2.6 Data Structures in Action

The previous sections introduced a fair amount of new Perl syntax and capabilities. Now, let's see some of these new capabilities in action.

2.6.1 The Problem of String Matching

It is frequently important in biology to find the best possible match for a short sequence in a longer sequence; for example, between an oligonucleotide and the sequence of DNA that has been cloned in a YAC or BAC. This match need not always be perfect; frequently, what is important is to find the closest match available. This problem is known in computer science as approximate string matching, and dynamic programming is a popular technique used to compute the solution.

The problem of string matching is to find a pattern, such as a nucleotide or peptide fragment, in a longer text such as a chromosome or protein.

The problem of approximate string matching is to find a pattern in a text in which the match might not be perfect. Perhaps a few of the characters are different or missing; the problem is to find the best match possible.

2.6.2 Genetic Variability and String Matching

Biologically, approximate matches are of commanding importance. Evolutionary changes between species can make genes with essentially the same function collect a fair number of individual base changes; they may even have acquired differences in exon structure. Even within a species, individual base changes among groups in the population (single nucleotide polymorphisms) are important causes of disease and important clues in the discovery of disease-causing genes.

Mutations tend to accumulate over time in noncoding regions of DNA; mutations in coding regions tend to avoid altering critical regions essential for the functioning of the gene (where mutations may be fatal to the organism). Even a noncoding region may be critical to the regulation of a gene and thus tend to resist mutations. As a result, studying where mutations are not accumulating is often an important clue to discerning the function and control of a gene and its associated protein.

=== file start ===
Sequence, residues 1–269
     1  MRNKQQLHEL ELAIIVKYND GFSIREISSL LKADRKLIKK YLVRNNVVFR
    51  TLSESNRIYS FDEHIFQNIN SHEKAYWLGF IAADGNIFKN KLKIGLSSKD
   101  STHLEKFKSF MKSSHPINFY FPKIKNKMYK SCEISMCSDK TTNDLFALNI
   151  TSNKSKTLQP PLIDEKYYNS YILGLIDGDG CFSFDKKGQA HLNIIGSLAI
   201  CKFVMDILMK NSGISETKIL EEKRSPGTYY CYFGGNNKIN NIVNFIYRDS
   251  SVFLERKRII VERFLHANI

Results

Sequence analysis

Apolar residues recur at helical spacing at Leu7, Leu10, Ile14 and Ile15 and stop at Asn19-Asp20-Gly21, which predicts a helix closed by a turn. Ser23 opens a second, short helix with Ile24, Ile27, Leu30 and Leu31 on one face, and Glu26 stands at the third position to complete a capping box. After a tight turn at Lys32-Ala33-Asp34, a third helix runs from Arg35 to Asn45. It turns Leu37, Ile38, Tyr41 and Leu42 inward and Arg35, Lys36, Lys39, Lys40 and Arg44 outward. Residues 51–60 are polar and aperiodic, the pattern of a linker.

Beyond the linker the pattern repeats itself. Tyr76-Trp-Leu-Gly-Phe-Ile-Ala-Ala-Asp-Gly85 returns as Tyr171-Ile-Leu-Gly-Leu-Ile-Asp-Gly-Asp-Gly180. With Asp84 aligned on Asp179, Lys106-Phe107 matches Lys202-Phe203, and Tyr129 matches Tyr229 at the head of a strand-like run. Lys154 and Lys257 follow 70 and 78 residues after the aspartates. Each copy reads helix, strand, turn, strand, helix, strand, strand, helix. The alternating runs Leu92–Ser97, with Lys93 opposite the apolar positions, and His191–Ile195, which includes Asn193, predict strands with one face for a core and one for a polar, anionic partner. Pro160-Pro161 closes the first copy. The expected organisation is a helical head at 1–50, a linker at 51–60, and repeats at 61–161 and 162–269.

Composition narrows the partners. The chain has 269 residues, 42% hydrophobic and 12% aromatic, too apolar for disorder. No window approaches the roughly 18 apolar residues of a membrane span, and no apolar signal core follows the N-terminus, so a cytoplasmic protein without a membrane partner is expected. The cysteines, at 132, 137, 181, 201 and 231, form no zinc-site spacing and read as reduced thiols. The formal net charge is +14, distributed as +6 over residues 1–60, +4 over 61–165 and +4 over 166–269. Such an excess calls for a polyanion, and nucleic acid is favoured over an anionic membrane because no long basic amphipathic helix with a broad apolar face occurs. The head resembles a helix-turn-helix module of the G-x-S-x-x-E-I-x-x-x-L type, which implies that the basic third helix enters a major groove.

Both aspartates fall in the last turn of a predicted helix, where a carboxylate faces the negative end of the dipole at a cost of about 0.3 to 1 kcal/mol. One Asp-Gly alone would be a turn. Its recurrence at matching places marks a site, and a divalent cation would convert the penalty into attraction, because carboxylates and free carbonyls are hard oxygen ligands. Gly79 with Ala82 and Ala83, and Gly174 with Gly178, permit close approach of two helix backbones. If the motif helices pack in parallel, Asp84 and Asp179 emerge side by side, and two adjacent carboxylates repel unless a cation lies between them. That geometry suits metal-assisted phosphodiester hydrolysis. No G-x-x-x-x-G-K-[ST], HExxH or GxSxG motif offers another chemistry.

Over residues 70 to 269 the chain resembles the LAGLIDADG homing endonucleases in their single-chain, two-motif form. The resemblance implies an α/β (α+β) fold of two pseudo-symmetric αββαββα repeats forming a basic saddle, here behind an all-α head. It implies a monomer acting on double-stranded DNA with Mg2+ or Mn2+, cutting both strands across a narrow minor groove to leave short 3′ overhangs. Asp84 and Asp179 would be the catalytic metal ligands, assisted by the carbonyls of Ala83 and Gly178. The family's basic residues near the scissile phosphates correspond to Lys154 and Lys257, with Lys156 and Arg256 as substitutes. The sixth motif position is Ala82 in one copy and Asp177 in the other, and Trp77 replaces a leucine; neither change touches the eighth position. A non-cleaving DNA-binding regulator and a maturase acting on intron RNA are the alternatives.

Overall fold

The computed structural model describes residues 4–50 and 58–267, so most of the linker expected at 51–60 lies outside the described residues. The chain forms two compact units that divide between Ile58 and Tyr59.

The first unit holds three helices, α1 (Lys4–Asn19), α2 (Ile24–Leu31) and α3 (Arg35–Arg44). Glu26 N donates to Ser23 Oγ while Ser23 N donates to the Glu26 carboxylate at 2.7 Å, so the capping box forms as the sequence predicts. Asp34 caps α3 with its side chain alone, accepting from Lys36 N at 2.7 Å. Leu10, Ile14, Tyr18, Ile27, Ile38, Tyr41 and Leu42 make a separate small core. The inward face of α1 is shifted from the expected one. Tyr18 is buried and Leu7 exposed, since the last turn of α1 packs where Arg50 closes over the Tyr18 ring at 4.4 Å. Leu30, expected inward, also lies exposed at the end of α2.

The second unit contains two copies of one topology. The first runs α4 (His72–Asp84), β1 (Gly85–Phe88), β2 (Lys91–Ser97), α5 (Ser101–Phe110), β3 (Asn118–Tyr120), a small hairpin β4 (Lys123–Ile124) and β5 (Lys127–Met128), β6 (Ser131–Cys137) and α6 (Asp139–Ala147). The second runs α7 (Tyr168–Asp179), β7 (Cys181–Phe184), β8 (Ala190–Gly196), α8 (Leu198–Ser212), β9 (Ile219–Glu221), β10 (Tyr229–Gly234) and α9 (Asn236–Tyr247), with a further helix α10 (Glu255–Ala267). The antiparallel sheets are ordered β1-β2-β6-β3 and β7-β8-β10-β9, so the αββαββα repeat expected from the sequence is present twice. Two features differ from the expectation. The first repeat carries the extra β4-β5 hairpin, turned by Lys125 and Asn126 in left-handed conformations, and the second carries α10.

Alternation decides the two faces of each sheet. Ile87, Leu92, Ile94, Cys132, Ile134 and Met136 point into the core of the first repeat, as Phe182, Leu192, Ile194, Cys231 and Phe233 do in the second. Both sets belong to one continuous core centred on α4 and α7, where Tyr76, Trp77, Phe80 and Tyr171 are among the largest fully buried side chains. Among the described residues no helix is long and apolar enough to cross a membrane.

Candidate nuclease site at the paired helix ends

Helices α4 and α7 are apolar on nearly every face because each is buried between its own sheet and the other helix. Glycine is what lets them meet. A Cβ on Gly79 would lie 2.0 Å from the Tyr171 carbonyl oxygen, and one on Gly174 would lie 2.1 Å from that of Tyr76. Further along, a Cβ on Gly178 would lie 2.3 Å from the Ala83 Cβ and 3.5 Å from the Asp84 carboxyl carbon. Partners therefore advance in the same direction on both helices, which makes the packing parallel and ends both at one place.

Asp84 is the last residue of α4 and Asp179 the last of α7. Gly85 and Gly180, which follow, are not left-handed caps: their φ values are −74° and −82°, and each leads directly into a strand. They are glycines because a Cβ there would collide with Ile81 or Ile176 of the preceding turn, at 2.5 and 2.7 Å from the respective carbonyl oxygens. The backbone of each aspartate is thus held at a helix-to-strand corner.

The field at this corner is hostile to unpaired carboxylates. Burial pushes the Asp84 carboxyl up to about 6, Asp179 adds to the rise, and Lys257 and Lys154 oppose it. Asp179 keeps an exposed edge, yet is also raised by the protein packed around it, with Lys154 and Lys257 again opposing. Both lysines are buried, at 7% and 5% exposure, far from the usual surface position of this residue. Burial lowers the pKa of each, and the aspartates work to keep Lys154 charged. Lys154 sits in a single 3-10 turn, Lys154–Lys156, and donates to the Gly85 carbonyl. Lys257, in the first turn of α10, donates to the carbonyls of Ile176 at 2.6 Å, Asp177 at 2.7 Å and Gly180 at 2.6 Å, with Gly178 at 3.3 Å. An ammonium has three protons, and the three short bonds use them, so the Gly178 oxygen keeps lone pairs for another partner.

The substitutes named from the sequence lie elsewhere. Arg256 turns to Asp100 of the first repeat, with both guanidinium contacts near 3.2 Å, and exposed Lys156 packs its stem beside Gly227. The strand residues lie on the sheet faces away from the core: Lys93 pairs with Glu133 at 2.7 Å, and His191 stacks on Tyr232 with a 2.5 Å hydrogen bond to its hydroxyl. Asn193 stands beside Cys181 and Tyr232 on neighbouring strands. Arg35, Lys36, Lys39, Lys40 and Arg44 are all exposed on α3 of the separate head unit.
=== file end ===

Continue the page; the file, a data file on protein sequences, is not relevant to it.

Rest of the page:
Due to the redundancy of the genetic code, mutations in DNA may not affect the coding of the associated protein. Other mutations may make a change in a coded amino acid, but it may be an amino acid with similar properties to the original amino acid; for instance, both amino acids may be hydrophilic. Tracing these kinds of mutations is another source of important information about the process of mutation. It can give vital clues to the conservation of critical coding regions and to the folding of proteins.

Biologists will have no difficulty expanding upon the preceding brief motivation for studying approximate string matching and other techniques that find similarities between biological molecules. Many standard laboratory techniques rely on the annealing of a molecule to another molecule with similar, but not necessarily exact, structure.

In the discussion that follows, you'll use your new knowledge of complex data structures in Perl to implement an algorithm that finds approximate matches of patterns in text, such as DNA fragments in chromosomes or peptide fragments in proteins.

The algorithm I present is an example of dynamic programming; it relies on computing the entries to a matrix.